United States Court of Appeals for the Second Circuit
490 F.3d 143 (2007)
Javaid Iqbal (plaintiff), a Muslim Pakistani, was arrested by Federal Bureau of Investigation (FBI) agents and charged with conspiracy to defraud and identity fraud. Iqbal was subsequently detained in the Metropolitan Detention Center (MDC) in Brooklyn. Thereafter, Iqbal was assigned to a special section of the prison called the Administrative Maximum Special Housing Unit (ADMAX SHU) for some time, before he was again returned to the general population. As a result of his as treatment while in custody, Iqbal brought suit against his jailors, the Director of the FBI, and the Attorney General (defendants) for damages. The suit was based on claims that Iqbal was arrested and detained as a person of high interest solely based on race and religion and claims that he was mistreated, beaten, and denied food in violation of his constitutional rights because of his race and religion. The defendants moved for dismissal, citing qualified immunity. The lower court denied the motion, and the defendants appealed.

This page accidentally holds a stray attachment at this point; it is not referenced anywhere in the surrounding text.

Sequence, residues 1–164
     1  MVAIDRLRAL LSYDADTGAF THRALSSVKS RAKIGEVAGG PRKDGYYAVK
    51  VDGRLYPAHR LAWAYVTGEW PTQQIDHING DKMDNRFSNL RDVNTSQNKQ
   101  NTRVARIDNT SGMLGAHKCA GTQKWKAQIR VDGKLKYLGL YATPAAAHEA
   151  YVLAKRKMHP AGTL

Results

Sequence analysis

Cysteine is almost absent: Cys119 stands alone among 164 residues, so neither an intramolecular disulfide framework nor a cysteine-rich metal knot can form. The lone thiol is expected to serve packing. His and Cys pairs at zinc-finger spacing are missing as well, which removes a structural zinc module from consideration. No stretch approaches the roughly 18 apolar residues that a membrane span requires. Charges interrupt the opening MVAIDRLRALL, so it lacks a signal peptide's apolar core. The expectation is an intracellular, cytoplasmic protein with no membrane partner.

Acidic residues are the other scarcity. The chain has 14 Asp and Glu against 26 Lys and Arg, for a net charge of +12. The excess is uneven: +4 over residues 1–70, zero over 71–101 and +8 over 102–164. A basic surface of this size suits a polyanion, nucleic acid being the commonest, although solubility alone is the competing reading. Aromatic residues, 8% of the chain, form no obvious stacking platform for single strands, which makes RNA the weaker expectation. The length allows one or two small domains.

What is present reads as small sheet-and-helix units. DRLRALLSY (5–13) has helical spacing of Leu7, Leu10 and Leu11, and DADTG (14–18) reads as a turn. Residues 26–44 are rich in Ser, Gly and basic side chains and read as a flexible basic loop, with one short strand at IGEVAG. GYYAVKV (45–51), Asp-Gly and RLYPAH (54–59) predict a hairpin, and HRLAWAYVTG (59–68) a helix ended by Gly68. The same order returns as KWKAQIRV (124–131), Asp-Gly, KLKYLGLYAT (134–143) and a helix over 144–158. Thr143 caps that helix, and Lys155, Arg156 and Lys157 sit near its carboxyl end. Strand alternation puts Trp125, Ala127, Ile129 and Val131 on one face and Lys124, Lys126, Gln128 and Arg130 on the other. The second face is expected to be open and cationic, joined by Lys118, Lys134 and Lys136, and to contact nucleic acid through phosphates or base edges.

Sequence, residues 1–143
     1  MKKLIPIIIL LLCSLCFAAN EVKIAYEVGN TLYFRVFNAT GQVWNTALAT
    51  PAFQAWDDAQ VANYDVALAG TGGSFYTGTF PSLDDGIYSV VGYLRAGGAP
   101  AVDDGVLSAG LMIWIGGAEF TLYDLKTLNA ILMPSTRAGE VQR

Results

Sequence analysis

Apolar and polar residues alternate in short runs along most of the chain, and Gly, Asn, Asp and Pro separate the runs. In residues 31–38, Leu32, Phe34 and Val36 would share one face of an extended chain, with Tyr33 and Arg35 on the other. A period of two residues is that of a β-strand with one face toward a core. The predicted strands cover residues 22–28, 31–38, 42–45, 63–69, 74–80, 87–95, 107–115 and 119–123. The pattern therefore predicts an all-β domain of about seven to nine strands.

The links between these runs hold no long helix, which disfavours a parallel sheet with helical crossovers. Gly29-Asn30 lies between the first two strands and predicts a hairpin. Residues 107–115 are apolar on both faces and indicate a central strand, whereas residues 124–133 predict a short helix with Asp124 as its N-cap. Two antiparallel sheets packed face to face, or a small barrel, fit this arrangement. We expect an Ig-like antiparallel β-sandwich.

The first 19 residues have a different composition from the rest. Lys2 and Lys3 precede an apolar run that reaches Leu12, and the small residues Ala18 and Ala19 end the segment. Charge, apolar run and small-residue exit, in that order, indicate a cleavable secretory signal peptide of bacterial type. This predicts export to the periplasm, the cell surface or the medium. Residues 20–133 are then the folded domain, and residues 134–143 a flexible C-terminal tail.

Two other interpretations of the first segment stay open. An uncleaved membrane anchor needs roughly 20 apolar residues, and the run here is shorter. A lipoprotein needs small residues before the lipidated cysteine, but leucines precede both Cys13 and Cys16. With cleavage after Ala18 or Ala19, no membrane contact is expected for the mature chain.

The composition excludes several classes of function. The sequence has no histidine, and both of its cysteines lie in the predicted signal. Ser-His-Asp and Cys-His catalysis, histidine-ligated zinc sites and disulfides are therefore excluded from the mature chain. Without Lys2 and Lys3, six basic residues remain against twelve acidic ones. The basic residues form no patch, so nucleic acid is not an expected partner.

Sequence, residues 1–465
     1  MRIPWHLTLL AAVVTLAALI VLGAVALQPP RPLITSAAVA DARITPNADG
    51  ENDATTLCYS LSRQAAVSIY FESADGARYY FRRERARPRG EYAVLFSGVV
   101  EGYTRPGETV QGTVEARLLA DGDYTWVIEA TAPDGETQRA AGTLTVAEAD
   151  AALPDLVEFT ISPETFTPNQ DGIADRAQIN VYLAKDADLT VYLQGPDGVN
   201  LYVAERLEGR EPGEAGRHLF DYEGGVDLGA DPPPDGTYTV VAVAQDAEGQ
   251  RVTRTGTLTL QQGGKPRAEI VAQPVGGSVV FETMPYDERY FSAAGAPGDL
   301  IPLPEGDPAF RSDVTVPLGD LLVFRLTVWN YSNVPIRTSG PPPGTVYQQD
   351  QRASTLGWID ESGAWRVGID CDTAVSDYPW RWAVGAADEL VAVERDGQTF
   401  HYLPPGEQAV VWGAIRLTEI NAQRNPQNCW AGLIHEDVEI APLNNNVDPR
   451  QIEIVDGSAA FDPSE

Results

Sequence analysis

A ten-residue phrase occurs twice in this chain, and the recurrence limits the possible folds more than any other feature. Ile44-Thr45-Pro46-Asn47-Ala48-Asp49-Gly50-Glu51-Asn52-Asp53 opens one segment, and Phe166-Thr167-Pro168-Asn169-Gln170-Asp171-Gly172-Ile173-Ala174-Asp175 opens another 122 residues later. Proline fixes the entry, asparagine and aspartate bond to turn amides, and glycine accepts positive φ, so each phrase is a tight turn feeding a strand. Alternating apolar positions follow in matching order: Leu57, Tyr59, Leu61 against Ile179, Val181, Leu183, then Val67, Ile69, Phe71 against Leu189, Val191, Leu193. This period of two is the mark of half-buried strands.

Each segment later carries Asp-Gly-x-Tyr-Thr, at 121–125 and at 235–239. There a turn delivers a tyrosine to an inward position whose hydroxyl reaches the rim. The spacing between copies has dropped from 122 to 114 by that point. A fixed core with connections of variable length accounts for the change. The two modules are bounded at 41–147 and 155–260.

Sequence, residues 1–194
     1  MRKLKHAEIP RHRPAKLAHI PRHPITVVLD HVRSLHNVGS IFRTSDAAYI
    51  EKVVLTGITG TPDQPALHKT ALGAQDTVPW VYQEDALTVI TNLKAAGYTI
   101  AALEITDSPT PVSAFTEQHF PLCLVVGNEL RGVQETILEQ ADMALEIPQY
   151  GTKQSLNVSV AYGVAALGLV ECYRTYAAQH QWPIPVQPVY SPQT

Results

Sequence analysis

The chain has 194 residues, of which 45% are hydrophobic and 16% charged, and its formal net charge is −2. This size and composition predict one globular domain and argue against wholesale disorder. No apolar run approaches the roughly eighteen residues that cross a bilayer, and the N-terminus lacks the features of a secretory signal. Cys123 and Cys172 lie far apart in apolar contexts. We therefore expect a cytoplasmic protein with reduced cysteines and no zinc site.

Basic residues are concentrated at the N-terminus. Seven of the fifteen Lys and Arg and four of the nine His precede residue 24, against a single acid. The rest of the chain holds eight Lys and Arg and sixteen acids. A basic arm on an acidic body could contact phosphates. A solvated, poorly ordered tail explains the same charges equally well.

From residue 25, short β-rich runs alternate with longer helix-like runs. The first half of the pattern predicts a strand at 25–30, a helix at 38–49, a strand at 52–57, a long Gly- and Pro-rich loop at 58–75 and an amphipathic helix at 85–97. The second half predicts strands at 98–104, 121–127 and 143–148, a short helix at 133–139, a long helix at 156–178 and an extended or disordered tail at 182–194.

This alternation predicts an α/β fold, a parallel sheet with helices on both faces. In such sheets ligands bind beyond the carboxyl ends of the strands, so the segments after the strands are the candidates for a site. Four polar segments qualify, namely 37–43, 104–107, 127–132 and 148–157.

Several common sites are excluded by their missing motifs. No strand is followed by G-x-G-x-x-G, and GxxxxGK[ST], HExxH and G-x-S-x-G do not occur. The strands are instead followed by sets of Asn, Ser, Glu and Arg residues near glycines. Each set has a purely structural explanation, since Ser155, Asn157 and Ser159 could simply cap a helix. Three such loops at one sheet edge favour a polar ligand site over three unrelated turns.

Rule of Law
Holding and Reasoning (Newman, J.)
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